In recent years improvements to existing programs and the introduction of new iterative
algorithms have changed the state-of-the-art in protein sequence alignment. This paper
presents the first systematic study of the most commonly used alignment programs using
BAliBASE benchmark alignments as test cases. Even below the 'twilight zone' at 10-20%
residue identity, the best programs were capable of correctly aligning on average
47% of the residues. We show that iterative algorithms often offer improved alignment
accuracy though at the expense of computation time. A notable exception was the effect
of introducing a single divergent sequence into a set of closely related sequences,
causing the iteration to diverge away from the best alignment. Global alignment programs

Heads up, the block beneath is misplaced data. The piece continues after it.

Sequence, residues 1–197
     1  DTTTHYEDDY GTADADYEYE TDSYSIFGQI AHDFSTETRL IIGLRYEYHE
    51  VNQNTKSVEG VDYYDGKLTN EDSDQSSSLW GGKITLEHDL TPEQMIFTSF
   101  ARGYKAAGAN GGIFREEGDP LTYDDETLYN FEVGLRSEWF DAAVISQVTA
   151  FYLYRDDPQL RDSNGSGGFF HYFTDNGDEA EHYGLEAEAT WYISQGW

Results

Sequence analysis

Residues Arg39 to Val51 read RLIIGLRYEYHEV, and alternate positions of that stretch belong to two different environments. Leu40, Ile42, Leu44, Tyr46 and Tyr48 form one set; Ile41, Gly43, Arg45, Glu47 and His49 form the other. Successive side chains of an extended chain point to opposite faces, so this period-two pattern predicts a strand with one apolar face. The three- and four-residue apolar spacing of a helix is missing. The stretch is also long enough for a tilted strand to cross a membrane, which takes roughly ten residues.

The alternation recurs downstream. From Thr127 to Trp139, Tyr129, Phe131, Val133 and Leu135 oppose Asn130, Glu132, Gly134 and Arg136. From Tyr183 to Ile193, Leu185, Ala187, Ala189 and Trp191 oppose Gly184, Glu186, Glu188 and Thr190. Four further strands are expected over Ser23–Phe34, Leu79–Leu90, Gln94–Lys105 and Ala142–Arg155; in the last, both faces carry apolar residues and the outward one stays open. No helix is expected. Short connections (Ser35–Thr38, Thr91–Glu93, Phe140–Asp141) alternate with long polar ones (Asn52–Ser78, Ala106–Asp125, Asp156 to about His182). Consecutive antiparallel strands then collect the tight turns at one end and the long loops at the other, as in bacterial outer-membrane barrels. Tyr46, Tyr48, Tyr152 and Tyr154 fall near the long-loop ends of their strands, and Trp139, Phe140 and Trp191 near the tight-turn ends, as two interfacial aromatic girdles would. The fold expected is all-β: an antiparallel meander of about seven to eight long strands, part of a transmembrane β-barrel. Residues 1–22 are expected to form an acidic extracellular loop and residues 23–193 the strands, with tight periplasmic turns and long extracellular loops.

generally performed better than local methods, except in the presence of large N/C-terminal
extensions and internal insertions. In these cases, a local algorithm was more successful
in identifying the most conserved motifs. This study enables us to propose appropriate
alignment strategies, depending on the nature of a particular set of sequences. The
employment of more than one program based on different alignment techniques should
significantly improve the quality of automatic protein sequence alignment methods.
The results also indicate guidelines for improvement of alignment algorithms.